On April 12th I joined hundreds of women (and a few men) in Myrtle Beach, S.C. We were there to attend PWN-USA's 3rd Speak Up Summit. Speak Up is a summit by us and for us, the "us" are women living with HIV. It was going to be a special time for me being a new member of The Well Project's Community Advisory Board. It was also the 10th anniversary of PWN-USA and a celebration was planned. Yes, the turn up was going to be real. I was so ready to connect with old sister-friends and looking forward to making new sister-friends. You can imagine my excitement at being with a group of fierce women.
I arrived in Myrtle Beach fairly early, made it to the hotel and checked into my room. I decided to rest before going over to the conference center. Once I arrived at the conference center, I was happy to see a large group of Women of Trans experience. To me, that signified we were doing a good job of being inclusive. We weren't just talking about it, but we were also being about it. There were hugs all around and a genuine feeling of sisterhood.
It was not until Friday at lunch that I was made aware that some of the Cisgender women were having issues with the Transgender women being there. My first thought was, 'why would anyone complain about a woman being at a summit for women?' Sometimes I forget people are not in the same place as I am. The women of Trans experience were hurt, and in my opinion, rightly so, and decided to address the situation head on. Of course it did not end well. Sometimes it's just hard to hear a message when you're angry. The energy in the room became toxic to me during the confrontation and I found myself wanting to just check out. I would present when and where I was supposed to, but removing myself for the rest. Being the person that I am, I decided to stay engaged and have one-on-one conversations with my sister-friends, both Cis and Trans.
In speaking to them, I realized we all have a lot of healing to do. Women of Trans experience have experienced trauma from Cisgender women and some of those feelings have never been addressed. Likewise, Cisgender women have their own historical trauma. A common theme from the Women of Trans experience was a sense of distrust. More than one woman shared with me some painful experiences where they were made to feel unsafe, unloved, and unwanted by women who looked like the women in that room. A common theme from the Cisgender women had a lot to do with religion. They felt like being Transgender goes against their religious teachings. In talking to the two groups, I didn't try to fix it because I recognize this is much bigger than me.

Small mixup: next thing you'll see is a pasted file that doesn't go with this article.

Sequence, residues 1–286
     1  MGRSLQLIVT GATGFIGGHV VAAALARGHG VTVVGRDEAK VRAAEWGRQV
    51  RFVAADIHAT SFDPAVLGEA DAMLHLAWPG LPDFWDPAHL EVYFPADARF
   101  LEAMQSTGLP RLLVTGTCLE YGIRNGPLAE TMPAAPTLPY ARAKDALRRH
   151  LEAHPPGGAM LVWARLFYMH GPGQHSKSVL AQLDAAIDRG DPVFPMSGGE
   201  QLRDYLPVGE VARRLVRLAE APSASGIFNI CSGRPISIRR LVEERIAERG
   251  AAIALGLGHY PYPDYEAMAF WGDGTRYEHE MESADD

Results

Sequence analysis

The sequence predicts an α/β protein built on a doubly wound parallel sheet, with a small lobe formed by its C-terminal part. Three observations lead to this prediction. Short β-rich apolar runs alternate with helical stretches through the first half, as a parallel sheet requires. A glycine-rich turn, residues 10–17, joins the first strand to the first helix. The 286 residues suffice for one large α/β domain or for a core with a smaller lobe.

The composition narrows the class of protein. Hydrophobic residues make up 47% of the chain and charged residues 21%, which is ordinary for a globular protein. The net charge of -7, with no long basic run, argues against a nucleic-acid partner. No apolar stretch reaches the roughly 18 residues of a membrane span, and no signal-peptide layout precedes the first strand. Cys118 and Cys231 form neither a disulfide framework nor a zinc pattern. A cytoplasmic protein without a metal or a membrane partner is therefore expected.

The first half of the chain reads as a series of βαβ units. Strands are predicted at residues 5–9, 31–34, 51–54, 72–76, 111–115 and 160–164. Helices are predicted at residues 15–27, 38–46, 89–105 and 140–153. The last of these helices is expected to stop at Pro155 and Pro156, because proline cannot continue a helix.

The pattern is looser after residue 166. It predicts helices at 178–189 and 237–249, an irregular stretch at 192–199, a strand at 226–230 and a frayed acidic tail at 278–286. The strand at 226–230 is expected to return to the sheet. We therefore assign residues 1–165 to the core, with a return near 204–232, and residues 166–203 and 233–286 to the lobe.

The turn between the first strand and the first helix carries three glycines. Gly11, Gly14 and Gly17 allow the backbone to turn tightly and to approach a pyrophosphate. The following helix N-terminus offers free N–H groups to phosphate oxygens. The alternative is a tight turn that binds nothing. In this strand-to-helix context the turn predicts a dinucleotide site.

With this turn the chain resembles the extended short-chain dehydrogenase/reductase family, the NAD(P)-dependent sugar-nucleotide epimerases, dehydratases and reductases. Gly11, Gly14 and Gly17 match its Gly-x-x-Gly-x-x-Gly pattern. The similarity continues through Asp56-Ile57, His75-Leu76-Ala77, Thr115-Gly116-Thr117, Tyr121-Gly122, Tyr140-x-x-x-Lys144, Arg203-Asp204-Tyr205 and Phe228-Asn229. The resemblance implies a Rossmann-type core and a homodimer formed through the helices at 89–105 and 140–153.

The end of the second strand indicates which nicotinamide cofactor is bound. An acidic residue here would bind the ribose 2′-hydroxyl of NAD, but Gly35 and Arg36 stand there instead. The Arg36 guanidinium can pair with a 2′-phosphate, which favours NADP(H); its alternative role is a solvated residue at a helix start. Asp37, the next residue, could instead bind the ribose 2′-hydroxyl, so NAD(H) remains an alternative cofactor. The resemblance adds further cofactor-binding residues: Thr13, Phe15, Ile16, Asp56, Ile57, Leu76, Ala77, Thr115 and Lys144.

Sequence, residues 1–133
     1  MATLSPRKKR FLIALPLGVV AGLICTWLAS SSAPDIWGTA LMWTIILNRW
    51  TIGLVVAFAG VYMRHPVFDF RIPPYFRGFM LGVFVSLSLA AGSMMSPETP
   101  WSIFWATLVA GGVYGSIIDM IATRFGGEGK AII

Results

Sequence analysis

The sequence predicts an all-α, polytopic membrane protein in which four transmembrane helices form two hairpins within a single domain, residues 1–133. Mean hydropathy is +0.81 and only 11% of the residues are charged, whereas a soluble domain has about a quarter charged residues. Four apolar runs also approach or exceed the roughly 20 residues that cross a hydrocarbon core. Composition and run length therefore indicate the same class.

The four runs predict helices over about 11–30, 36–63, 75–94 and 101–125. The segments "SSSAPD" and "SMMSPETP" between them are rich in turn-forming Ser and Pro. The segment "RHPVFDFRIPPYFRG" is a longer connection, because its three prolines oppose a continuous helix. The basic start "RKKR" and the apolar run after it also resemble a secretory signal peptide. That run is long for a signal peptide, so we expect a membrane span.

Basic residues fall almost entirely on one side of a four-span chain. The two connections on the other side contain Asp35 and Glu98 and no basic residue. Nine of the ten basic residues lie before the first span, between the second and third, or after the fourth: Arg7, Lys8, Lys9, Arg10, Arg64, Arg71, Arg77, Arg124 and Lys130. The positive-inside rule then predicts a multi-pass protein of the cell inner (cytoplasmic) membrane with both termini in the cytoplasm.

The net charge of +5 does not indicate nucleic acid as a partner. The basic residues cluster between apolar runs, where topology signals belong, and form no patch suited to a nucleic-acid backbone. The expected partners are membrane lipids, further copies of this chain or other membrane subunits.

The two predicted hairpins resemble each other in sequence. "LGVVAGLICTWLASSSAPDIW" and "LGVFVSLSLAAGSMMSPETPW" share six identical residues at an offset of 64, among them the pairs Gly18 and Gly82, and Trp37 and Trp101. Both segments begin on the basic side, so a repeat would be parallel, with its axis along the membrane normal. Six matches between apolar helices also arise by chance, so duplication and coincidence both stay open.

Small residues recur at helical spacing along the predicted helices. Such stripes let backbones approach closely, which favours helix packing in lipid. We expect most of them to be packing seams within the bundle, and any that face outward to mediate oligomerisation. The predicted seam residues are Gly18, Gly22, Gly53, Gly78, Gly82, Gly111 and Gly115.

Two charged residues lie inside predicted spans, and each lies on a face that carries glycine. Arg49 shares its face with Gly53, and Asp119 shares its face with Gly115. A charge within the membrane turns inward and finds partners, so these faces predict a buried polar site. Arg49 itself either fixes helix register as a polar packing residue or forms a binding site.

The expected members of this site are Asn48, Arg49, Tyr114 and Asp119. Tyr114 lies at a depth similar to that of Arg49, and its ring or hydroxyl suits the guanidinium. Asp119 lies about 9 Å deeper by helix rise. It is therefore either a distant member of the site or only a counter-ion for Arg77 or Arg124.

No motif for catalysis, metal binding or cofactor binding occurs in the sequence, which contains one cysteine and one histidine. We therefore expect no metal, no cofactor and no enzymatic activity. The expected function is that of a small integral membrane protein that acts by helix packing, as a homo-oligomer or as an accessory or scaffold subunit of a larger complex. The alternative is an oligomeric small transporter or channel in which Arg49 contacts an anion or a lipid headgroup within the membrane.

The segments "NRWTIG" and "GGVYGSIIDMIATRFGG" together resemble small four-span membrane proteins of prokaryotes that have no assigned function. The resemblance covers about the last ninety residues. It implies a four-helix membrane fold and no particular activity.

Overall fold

The bottom line is that both Cisgender and Transgender women need to heal and I really don't know if the healing needs to happen separately or together, all I know is the healing MUST happen. For me, I must be inclusive. I cannot talk about women without including ALL women. I speak for both Cisgender and Transgender women. Never thinking I can talk for my sister-friends of Trans experience, but I can bring them into any space where they may be missing, continue reaching out to see how I can assist the Trans community, and screaming from every mountaintop that I AM MY SISTERS' KEEPER!